Multiple studies have shown that doula care is beneficial. It is not necessary or vital–not so much as midwifery or obstetrical care might be–but beneficial and a strong contributor towards safer birth outcomes, higher breastfeeding rates, and increased bonding and contentment in motherhood. Doula work has value and holds importance in our society. Traditionally, doula care was brought about by mothers, sisters, aunts, and cousins who came to accompany the mother during labor and birth. Because the environment and method of childbirth has changed (from the village to the hospital; from nature/instinct to modern medicine), so must the model of doula care evolve to meet the needs of modern parents.

Doula care in the past was innate to the experiences of generations before, passed down from mother to daughter. Today, with the variety of birthing methods, possible interventions, and support systems that are in place, a doula must also possess a working knowledge of the childbearing year (preconception through postpartum) which includes not only holistic and traditional models but also a comprehension of the healthcare system, modern treatments and interventions, and hands-on modalities. A trained doula undergoes months or possibly years of education, both in academic endeavors (reading, workbooks, etc.) and in experience (practicum). The trained doula is an asset to any birthing environment, so long as the birthing family desires her presence.

The trained, professional doula has invested her own finances, time, and energy to obtain this training. She is a professional in knowledge, in service, and in the way she conducts business. Doulas invest in marketing, literature, networking, and other means of reaching out to gain clients. This is in addition to “behind the scenes” investments, such as a business license, graphic design (for logo and literature), continuing education, researching and staying up-to-date on current studies, and collaborating with peers to network, establish back-up relationships, and build their businesses.

Because she is a professional, she ought to be paid as such.

But because the role of the doula is 1) unregulated, and 2) traditional, many “lay” doulas are able to call themselves doulas without any training, education, or certification. In some ways, the lack of oversight is positive. Most doulas recognize that as soon as we become recognized and the title obtained by licensing or credentials, the more costly and possibly restricting our profession will become. However, we also recognize that doulas without training, without education, and without enforcing payment, can hurt our profession as a whole.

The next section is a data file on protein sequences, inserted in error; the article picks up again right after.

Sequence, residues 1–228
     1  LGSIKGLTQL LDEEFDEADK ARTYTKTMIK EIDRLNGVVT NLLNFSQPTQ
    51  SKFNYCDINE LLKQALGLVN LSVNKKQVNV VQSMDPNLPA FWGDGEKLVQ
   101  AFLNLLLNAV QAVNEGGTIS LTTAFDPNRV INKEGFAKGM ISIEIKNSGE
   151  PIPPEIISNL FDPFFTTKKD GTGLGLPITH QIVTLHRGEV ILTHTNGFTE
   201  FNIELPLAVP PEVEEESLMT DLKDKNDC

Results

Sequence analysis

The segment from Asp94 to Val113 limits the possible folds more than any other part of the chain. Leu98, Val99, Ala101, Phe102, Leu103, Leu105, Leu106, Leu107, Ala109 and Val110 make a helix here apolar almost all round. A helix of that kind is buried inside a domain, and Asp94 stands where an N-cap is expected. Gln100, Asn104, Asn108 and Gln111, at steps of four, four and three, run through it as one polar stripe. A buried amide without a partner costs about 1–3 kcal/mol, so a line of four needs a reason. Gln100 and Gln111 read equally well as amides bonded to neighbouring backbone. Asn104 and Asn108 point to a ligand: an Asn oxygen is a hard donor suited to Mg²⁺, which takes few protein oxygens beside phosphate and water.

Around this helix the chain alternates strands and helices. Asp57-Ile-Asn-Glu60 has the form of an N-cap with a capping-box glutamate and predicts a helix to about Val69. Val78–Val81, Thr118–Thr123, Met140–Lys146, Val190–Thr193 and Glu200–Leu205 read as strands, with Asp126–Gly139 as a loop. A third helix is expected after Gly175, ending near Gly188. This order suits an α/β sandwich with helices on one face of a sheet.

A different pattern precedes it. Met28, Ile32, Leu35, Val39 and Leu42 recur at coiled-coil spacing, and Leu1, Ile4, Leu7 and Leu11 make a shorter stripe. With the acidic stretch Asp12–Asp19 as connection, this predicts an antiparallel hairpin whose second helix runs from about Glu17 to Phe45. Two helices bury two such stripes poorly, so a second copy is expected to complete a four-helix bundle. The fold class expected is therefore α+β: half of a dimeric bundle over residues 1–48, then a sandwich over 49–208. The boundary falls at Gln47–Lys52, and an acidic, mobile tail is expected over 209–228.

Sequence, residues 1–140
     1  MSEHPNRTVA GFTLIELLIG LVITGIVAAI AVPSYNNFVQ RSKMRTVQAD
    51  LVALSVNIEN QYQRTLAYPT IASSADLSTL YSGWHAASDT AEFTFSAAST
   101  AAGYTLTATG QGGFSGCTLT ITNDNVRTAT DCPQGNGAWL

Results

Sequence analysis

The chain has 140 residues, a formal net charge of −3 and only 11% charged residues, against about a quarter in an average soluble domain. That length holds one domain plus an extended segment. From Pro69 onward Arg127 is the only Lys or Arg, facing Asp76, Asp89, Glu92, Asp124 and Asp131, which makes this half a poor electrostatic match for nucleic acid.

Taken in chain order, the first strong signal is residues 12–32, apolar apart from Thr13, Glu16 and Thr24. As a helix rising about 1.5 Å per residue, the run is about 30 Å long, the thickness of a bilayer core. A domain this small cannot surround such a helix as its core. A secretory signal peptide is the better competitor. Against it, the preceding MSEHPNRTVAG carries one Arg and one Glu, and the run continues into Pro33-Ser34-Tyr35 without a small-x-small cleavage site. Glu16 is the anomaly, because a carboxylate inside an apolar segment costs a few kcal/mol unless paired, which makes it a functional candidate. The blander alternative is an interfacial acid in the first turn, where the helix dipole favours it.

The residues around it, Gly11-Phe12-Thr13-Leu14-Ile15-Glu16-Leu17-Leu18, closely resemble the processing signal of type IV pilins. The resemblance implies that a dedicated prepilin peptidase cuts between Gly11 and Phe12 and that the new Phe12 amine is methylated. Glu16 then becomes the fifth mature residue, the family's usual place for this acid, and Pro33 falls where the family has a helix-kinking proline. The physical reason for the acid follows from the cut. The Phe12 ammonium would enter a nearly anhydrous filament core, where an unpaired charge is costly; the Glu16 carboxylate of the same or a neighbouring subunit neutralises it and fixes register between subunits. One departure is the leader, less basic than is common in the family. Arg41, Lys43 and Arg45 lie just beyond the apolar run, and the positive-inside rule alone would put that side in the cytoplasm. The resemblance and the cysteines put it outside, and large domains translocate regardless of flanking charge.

I will briefly (I hope) lay out the varieties of business models that doulas (both lay and professional) currently use, and will shine some light on the general pros (what she gains, how it helps other doulas and the community) and cons (how it negatively affects other doulas or what frustrations/hurdles she may encounter).

The Professional Doula

This doula has been trained, certified, and has established herself within a business. It may be a sole proprietorship, she may be working in an agency as an independent contractor, or she may be independently contracted through a hospital or midwifery practice. She believes in the work of the doula, but ensures that she is paid for her services.

Pros: She can support her family with work that she enjoys and which is fulfilling to her. She supports the doula profession and respects other doulas in business. She has a positive impact on the value of the doula as well as the community she serves.

Cons: This doula may be prone to being competitive. She may also be so set on professionalism that she finds it hard to work alongside other doulas who offer their services for less (if not free). She may not be willing to make accommodations for mothers in need (marginalized, at-risk, low-income), and may view doula care as a luxury, rather than an impactful asset to the birthing family, which may be contrary to the traditional view of doula care.

Community-Focused Doula

This doula is more focused on the traditional role of the doula. She may not work as often, or may not be as dependent on the income from her doula work. She is more willing to offer reduced rates, barters, or free services. She values the doula’s place in the “village” and believes every woman deserves a doula. This doula may or may not be certified/trained.

Pros: She is available to those who may benefit most from doula care (unsupported mothers, single or teen mothers, etc.), and offers her services at a reasonable rate. She is carrying on in the tradition of the doula while supplementing her family’s income (moderately).

Cons: This doula may not screen level of need or ability to pay, and thus may take potential business away from professional doulas. She may feel so obligated to her calling that she runs herself ragged, not receiving the due reward for her services, and may be prone to feeling burnt out, overwhelmed, or underappreciated.

Best of Both Worlds Doula

This doula is trained and certified, and may offer reduced rates, but is careful to screen need and ability to pay, working with sliding scales or specific discounts, ensuring that she is able to cover her own expenses (childcare, gas, food, etc.) and sets a limit to her charity.